With the industrial revolution came new technologies like the sewing machine to make clothing manufacturing faster, easier, and cheaper.
People started to ask for new trends at an affordable price in the late 1960s. Fashion became a way of self-expression, to communicate one's personality and creativity.
Starting in the 1990s, fast-fashion retailers such as H&M, Zara, Primark, Gap, Topshop, and Urban Outfitters reached huge notoriety and grew into large global corporations.
Fast fashion brands and retailers recreate the designs from high-fashion houses and make them available in high-street stores quickly for a fraction of the price.
The success of fast fashion
The success of fast fashion is due to its ease of access, affordability, and a large variety of styles. The beginning of online fashion shopping and overseas manufacturing pushed fast fashion to record hights.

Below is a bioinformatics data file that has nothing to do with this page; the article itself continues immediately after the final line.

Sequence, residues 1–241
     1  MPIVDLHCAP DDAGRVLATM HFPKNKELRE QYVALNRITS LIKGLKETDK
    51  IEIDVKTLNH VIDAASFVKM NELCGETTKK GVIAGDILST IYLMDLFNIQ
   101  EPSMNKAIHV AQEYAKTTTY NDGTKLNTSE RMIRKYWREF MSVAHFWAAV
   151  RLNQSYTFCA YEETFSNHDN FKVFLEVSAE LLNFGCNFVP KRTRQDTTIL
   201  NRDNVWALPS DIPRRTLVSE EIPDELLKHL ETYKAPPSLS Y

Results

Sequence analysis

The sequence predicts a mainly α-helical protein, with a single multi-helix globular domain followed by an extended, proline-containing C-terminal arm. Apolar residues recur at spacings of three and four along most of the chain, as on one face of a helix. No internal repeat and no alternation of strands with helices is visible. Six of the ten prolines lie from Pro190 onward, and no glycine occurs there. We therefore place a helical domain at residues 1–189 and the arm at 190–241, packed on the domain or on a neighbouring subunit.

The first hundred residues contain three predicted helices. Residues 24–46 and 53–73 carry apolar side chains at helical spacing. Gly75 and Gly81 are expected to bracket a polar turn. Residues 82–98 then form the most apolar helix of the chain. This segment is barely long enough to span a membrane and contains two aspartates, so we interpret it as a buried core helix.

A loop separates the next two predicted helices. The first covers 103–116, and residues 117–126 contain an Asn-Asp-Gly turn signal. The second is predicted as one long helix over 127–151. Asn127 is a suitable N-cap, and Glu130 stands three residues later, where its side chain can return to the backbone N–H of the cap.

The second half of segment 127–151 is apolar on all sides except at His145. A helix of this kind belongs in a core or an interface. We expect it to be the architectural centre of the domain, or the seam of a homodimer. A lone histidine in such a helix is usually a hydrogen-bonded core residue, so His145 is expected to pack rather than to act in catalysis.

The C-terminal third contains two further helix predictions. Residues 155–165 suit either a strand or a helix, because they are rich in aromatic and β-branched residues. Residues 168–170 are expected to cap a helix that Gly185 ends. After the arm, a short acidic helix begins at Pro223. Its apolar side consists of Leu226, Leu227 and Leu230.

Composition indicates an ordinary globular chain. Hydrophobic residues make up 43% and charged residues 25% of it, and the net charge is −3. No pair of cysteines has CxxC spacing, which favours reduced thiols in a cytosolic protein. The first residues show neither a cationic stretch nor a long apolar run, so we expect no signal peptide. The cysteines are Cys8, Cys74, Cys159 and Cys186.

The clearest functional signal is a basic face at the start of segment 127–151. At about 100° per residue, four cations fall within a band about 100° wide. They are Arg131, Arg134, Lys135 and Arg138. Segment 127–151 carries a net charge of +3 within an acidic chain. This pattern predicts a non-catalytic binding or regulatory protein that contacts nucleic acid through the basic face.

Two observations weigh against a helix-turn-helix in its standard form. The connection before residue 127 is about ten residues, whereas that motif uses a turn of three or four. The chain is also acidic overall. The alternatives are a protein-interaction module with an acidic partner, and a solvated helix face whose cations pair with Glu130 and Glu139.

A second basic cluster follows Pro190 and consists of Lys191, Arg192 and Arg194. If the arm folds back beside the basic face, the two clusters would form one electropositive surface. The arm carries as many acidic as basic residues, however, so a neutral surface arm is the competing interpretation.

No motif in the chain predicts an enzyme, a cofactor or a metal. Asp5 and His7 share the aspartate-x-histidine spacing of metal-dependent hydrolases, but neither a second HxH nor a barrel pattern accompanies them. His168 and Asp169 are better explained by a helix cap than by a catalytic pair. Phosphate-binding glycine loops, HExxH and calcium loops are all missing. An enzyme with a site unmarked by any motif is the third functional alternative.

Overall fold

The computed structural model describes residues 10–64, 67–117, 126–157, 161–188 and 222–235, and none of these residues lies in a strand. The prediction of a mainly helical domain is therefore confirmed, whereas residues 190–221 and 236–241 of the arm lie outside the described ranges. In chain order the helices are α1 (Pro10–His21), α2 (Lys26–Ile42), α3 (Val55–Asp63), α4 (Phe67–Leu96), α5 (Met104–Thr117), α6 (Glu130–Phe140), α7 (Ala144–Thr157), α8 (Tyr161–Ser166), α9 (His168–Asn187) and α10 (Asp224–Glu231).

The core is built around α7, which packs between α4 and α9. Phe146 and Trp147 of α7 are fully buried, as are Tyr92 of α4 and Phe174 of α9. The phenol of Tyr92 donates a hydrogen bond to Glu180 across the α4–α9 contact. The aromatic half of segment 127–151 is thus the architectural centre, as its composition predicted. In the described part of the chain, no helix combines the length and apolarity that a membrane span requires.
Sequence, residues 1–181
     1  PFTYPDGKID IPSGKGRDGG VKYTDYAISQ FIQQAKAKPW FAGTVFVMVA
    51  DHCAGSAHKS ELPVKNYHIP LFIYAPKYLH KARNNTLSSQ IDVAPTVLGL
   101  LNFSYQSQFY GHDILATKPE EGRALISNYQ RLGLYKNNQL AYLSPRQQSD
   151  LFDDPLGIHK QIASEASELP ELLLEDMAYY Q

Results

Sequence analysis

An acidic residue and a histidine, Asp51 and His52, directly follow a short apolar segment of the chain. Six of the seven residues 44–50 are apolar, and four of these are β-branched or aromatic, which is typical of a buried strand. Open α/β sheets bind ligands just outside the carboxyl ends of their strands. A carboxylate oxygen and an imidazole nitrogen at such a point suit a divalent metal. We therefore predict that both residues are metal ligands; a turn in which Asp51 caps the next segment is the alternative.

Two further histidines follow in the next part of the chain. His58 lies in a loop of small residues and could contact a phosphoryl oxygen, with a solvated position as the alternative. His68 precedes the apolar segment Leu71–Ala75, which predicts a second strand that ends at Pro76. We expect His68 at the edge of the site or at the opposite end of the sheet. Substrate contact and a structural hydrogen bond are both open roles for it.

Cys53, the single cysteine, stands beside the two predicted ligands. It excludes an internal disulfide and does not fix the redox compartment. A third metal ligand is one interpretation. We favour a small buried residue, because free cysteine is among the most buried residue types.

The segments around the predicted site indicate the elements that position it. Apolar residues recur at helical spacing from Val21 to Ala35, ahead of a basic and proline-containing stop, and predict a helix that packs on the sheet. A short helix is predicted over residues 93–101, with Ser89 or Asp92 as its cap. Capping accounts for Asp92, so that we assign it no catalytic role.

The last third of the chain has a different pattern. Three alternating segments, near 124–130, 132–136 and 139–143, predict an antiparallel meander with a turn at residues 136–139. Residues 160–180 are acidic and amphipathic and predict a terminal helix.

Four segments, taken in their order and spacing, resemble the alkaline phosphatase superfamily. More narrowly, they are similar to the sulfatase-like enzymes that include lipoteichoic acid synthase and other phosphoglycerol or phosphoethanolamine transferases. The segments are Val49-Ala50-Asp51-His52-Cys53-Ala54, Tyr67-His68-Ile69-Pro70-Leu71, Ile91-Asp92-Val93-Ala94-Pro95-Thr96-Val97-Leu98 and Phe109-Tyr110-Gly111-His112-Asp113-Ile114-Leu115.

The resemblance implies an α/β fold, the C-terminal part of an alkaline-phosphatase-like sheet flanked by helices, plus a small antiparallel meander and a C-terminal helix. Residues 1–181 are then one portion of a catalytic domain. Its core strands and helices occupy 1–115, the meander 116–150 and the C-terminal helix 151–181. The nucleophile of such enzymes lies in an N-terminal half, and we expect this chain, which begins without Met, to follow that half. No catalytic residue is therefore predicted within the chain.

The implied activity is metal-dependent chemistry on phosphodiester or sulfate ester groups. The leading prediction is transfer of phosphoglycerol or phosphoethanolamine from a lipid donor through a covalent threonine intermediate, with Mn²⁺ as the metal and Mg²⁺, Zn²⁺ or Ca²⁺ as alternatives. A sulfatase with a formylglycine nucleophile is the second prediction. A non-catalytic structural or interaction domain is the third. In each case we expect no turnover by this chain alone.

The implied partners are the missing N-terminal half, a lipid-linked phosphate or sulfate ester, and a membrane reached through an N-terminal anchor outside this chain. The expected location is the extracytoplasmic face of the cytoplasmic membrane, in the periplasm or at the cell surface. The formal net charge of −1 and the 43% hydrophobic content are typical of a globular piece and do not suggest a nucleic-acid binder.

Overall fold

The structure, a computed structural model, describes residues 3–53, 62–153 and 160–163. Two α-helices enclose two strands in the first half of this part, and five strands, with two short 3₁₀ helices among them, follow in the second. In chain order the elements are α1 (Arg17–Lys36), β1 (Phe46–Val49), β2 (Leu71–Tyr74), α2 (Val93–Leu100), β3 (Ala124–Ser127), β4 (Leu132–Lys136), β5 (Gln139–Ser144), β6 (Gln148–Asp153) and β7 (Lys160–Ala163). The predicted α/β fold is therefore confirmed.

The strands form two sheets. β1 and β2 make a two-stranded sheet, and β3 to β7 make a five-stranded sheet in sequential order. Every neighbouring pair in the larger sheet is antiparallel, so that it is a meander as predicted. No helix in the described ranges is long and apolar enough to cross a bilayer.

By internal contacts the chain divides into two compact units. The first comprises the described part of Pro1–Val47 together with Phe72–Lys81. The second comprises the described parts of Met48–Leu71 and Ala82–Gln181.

"One reason for this trend is globalization. Corporations have relocated their manufacturing operations to low-wage countries, making goods artificially cheap when sold in higher-wage countries."
- Steven Gorelick, Small is Beautiful Author
Today, fast fashion represents the culture of instant gratification. Thousands of new styles are being produced and sold every week. Buying trendy clothes is a daily event for many consumers who view clothing as disposable, encouraged by the throwaway society.
The overproduction and overconsumption of cheap disposable clothing is now very common in the fast-fashion world. Fast fashion is the result of the growing consumers' demand for speed and value all year round. It's the major driver of growth in the fashion industry.